Maine town resorts to hiring Americans as visas run out

That really sounds like something out of The Onion, doesn’t it? I mean, a headline like that one has to be satire. And yet it’s a very real story brought to us by The Daily Caller this week. Their title, while a bit more direct, has the same impact. “Shortage Of Foreign Labor Forces Maine Businesses To Hire Local Workers.” The location is Bar Harbor, Maine, and yes, my friends… the struggle is real.

Businesses in Bar Harbor, Maine are turning to locals to make up for a shortage of foreign guest workers that normally fill summer jobs in the bustling seaside resort town.

Because the H-2B visa program has already reached its annual quota, Bar Harbor’s hotels, restaurants and shops can’t bring in any more foreign workers for the rest of the busy summer tourist season. Like hundreds of similar coastal resort towns, Bar Harbor has for many years depended on the H-2B visas for temporary workers. The program allows non-agricultural companies to bring in foreign labor if they are unable to find suitable employees domestically.

Now they are coming up with creative ways to attract local labor, reports the Bangor Daily News.

The use of temporary “guest worker” programs is problematic to begin with (at least for some of us) but at least on paper these jobs seem to qualify. If you look at the qualifying conditions for the program, so-called “seasonal work” is a valid reason to seek out H-2B visa holders. Still, in a capitalist society, it rings a bit of a sour note when you see a system which is actively built on using foreign workers before exhausting all possible hires of citizens.

The article describes some of the “creative ways to attract local labor” and they include things such as offering flexible hours and even… (gasp) higher wages. If your business is booming all summer to the degree that you can’t hire enough workers to meet the demand, then in a normal capitalist system the demand for labor would drive up the cost. Higher wages attract more and better workers… it’s really that simple. And if that enhanced compensation package is attracting more employees locally, why are you relying on the H-2B program to begin with? Remember that one of the requirements for a business to qualify to use H-2B workers is as follows:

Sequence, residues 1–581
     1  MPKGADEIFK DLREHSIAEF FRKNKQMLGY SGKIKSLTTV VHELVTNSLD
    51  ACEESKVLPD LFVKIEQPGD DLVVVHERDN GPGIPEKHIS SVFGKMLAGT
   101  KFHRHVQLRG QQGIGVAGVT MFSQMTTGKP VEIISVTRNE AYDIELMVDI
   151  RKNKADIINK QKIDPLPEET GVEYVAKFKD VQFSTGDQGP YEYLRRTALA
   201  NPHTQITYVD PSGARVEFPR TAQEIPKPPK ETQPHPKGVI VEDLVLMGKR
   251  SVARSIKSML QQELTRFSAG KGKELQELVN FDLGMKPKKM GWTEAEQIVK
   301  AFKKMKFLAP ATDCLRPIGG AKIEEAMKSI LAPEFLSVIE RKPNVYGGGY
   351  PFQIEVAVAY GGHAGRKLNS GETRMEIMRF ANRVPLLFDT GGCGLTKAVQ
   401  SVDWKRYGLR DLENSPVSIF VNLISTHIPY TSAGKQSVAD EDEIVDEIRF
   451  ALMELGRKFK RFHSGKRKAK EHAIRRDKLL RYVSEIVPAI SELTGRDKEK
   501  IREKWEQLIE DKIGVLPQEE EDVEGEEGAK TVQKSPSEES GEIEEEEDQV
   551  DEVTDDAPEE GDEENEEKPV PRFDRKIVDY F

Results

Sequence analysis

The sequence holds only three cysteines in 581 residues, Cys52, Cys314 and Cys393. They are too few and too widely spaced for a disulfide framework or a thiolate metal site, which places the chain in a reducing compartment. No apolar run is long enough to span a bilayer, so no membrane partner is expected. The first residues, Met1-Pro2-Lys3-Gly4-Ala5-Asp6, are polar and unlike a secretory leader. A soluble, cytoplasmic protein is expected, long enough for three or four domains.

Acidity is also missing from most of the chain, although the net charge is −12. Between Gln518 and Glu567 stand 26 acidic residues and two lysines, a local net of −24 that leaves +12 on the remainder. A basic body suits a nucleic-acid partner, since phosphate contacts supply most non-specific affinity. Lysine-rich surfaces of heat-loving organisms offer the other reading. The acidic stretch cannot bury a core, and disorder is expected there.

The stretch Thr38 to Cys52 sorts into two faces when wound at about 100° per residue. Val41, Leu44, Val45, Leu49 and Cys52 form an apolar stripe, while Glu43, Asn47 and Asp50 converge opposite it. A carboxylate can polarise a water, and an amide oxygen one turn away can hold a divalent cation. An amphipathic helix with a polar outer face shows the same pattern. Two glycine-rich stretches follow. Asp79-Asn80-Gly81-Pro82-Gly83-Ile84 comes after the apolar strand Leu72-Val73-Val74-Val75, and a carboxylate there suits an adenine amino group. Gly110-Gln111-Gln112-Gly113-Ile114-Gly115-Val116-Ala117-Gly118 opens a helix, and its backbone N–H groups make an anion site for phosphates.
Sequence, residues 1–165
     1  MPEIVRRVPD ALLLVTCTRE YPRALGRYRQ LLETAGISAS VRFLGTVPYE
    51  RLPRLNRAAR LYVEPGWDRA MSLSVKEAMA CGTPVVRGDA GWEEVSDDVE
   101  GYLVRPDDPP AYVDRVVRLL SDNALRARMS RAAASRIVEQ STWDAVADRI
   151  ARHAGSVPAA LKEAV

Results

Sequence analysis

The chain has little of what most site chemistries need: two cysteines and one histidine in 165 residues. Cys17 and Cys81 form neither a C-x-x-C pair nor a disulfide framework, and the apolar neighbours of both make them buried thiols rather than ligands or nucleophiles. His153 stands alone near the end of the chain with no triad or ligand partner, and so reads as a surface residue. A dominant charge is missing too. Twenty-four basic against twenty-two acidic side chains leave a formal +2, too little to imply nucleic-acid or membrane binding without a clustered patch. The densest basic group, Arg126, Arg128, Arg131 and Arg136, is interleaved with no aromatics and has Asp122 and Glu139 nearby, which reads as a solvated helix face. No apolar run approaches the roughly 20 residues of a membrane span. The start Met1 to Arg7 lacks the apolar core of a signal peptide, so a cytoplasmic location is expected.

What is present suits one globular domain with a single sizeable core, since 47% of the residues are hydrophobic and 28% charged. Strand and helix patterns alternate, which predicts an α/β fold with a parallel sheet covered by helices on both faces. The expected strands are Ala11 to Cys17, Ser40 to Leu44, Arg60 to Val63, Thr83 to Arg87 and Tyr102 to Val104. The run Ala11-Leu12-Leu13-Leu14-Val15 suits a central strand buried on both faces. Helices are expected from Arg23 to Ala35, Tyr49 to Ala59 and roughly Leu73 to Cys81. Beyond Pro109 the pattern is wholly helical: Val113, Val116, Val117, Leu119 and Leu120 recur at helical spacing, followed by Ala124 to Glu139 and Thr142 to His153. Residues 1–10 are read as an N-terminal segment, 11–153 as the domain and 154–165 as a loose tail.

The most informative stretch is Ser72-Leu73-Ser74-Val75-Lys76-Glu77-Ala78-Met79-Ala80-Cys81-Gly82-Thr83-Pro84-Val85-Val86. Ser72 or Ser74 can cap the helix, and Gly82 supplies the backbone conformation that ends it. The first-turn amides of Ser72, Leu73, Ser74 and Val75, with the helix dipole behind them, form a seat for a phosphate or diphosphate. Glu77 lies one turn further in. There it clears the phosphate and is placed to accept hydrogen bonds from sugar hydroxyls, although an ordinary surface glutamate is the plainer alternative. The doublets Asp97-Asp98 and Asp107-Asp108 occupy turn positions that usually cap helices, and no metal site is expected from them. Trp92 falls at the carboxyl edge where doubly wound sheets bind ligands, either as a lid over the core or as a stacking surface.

Employing H-2B workers will not adversely affect the wages and working conditions of similarly employed U.S. workers.

If you can make your business model work during the busiest season by offering a better compensation package but you’re bringing in foreign workers who will do the job for less, isn’t that sort of undermining the purported reason for the program’s existence? There may not be enough locals around Bar Harbor to fill all of these seasonal jobs, but the employers there have been forced to take some actions which they might have considered before running out of visa holders. They could bring in more young people from outside the area who are looking for such work in a nice vacation destination if they banded together and offered some sort of subsidized housing options that temporary workers could afford for the summer on the wages being offered.

I’ll admit that this would have been more of a concern at the height of the recession and probably doesn’t seem like as big of a deal when unemployment is getting down near four percent, but the principle is the same. The White House is already taking a fresh look at some of these visa programs and that’s a long overdue step. Focusing on possible cases of abuse of the system should be included in this process.